On Tuesday, a news helicopter for Seattle’s KOMO-TV took off from the station’s rooftop helipad, caught fire, fell to the street, and crashed near the Space Needle, setting two cars on fire and killing two men onboard the chopper and a third on the ground. It was, by local news standards, a horrible yet mundane tragedy, part of the cost of doing business. Local TV news uses choppers, and sometimes choppers crash.
Still, I think moments like these ought to make the TV news business take stock of how it gathers news, and ask if there might be a safer and more cost-effective way to do it. Based on past experience writing about these kinds of tragedies — including the 2004 crash of a WNBC helicopter in Brooklyn ten years ago — I can’t imagine it will.
But I’m going to bang the drum one more time here anyway, for old time’s sake, and assert that most of the helicopter footage that we see on local newscasts is journalistically unnecessary eye candy, gathered at great expense under physically risky circumstances.
Before we go any further down this road, let’s get a few statistics out of the way — and while we’re doing it, let’s establish that, as Superman once put it, statistically speaking, flying is still the safest way to travel.
At least 18 people have been killed and 19 injured in 25 separate news-chopper mishaps since 2000, including the Brooklyn rooftop crash in 2004 and a 2007 mid-air collision between two news helicopters over Phoenix. The crashes occurred in all manner of situations, from covering tornadoes or search-and-rescue operations or simply getting from point A to point B; considering that every U.S. news market has multiple news choppers in the air multiple times each day, logging untold numbers of flight hours each year, that’s not a statistically shocking average.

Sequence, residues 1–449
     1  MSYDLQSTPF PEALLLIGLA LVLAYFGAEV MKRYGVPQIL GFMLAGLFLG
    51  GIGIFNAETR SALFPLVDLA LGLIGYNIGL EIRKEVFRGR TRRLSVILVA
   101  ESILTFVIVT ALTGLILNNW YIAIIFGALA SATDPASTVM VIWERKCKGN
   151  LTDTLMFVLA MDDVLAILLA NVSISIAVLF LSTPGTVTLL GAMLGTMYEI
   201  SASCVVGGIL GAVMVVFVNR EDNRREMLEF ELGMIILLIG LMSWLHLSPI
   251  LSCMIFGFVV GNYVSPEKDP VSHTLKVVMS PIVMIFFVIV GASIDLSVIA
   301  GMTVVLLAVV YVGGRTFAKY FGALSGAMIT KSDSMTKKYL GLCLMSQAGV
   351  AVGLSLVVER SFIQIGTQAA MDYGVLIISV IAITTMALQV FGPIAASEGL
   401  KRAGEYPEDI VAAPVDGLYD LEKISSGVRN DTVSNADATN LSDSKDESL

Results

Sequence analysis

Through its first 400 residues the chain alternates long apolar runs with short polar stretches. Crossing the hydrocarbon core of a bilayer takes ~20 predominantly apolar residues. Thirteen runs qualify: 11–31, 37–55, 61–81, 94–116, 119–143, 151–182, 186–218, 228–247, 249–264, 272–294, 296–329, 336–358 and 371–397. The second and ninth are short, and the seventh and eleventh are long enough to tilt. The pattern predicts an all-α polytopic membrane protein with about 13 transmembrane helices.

Nevertheless, if you weigh the cost of news-chopper coverage against what news stations actually get out of it, the practice starts to look less like a journalistic necessity than a habit that nobody can imagine breaking.
According to news-chopper photographers who spoke to Intelligencer off-the-record, it costs news stations anywhere from $600,000—$1 million a year to maintain a chopper that’s constantly at the ready. That price tag includes the costs of fuel and maintenance, berthing/hangar costs, and two pilots. A staff videographer operating the camera costs another $60,000—$100,000 a year, or half that if the station hires freelancers.
That’s a lot of money to cumulatively sink into chopper-cam footage: $4 to $8 million a year in markets with a lot of affiliate stations. And for every ratings-spiking, career-defining shot that only a news chopper could have captured, you get dozens or hundreds of airborne shots of the exteriors of buildings where something vaguely newsworthy happened hours ago: an extraordinarily dramatic view of nothing special.
Local news directors could argue that if it ain’t broke, there’s no reason to fix it, and in purely mercenary terms, they wouldn’t be wrong. The Pew Research Center recently published a report that “describes cutbacks in the reporting ranks of newspapers and television networks and a surge in efforts by politicians, corporations and others to tell their own stories.” While ratings dipped a bit between 2012 and 2013, local news remains a top source of news overall.
At the same time, though, the Pew report concluded that there was “less in-depth journalism being produced” by local news outlets overall. If a typical local news market had $4 million to $8 million more to throw at newsgathering — money saved by not having a helicopter fueled and staffed and perpetually ready to go cover the same mostly non-stories that every other local station is also covering — just think of how much deeper and more useful a typical half-hour newscast could be.
In recent years, some local news organizations began sharing helicopters. Such an arrangement makes both financial and journalistic sense, given the tedious redundancy in airborne footage you see if you channel-hop during local newcasts. The chopper that crashed in Seattle on Tuesday was involved in such an arrangement. One can envision a situation wherein several local news stations in a major market share just one or two choppers, freeing up millions to pour into old-fashioned shoe-leather reporting.
Intelligencer repeatedly contacted news directors and assistant news directors at local news stations this week to ask them what they thought of all this — particularly the idea that the money poured into chopper cams is money that could be more productively spent elsewhere. They all declined to comment.
Additional reporting by Josef Adalian and Brennan Carley.